[email protected] takes a new approach to game designing… or rather a very old one. Developer Stormcloud Games has built a world of dungeon crawling that pays homage to the very beginning of its sub-genre. Take on the procedurally generated dungeons solo, or bring a friend in local co-op for added strength. There is no story to the game, just simple dungeon crawling, wrecking havoc, and leveling up your character and weapons. You can buy the game on PlayStation Network for $14.99.
My first impressions of the game, before loading it up, was that it was going to be a bit of a headache. Maybe a little bland. But sure enough, I was genuinely surprised by what it had to offer. Pretty cumbersome at first to try and quickly understand what items benefit you and how to use them, and how to engage in combat. It's not that it's complex, I was just gradually getting more excited to start seeing it in action and rushed through the help guide. Luckily pausing the game gives you an option at any time to go back in order to read it again, or if you keep a watchful eye on the top left of the screen, you'll see frequent hints.
The whole premise of the game is to hack and slash your way through 26 consecutive floors of Tron-like dungeon maps and then attempt to kill the Guardian of the Dungeon. Occasionally, you'll need to find a golden key in order to open doors, allowing you to further progress through a floor, one room or hallway at a time. There are 4 different characters to choose from: Mage, Warrior, Amazon, and Ranger. Each one will have slightly different attributes or characteristics to start but ultimately share the same skill tree as one another. Meaning any build you would like to make can be made on all 4 characters. My personal favorite is the Mage due to his early on arcane projectile ability.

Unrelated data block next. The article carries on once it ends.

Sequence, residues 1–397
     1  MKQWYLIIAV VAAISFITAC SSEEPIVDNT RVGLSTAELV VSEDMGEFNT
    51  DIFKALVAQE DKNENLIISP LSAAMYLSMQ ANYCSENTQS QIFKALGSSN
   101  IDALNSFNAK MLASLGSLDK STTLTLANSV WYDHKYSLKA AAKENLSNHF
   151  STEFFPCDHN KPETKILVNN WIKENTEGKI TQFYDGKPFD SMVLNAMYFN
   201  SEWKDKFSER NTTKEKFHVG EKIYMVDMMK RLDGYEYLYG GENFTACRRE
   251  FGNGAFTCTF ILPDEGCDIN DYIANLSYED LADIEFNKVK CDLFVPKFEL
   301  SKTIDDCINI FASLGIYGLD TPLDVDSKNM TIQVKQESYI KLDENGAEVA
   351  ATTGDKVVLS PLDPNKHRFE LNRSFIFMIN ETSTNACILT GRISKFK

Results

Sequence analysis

You'll find the game is completely a blacked out space, with only white lines and dots outlining the floor and borders. It's easier to recognize than it sounds, and there's an invisible wall around the border to prevent you from falling off the edges. But the holes you'll sometimes run across are a different story. These are instant death traps. As mentioned earlier, you only get one life per character, but revives are implemented through items in rare occasions, and there is somewhat of a save option if you end by choice instead of death, allowing you to pick your game back up at a later time.
The game runs incredibly smooth outside of combat but can get a little lagging within but nothing terrible. The characters, when quickly going into a sprint, feel like they outrun the camera a little bit. This may have been intentional on the developers part since the threat of fallen floors or missing floors is a common cause of death. Aside from the dangerous pits of instant death that you must double jump over, you'll run into an array of enemies such as arachnids, wraiths, orcs, berserkers, minotaurs, and many variations of skeleton warriors. Use your blocking ability to defend from their attacks, dodge roll away, or slide through their legs in order to avoid attacks. You'll have a special attack that can be used with the L1 and R1 buttons at the same time and a somewhat wide variety of combat abilities obtainable through the skill tree to help you as well.
Smash any and everything. Barrels, furniture, fences, and literally anything that doesn't look like it will explode in your face, destroy. You'll gain experience points for causing mayhem in every room and hallway you step into. While doing this, you'll come across valuable items such as food to replenish health or potions that until a later time could cause either beneficial effects or the exact opposite. Sticking with the traditional ASCII theme, you'll also want to keep an eye out for letters throughout each floor. These will ultimately be used for enchanting/leveling weapons and has a very aesthetic way of binding together (As seen above). Your weapon of choice, or lack thereof, in the beginning, is simply just your bare fists, but later you will gain access to bows, pikes, shields, swords, clubs, etc.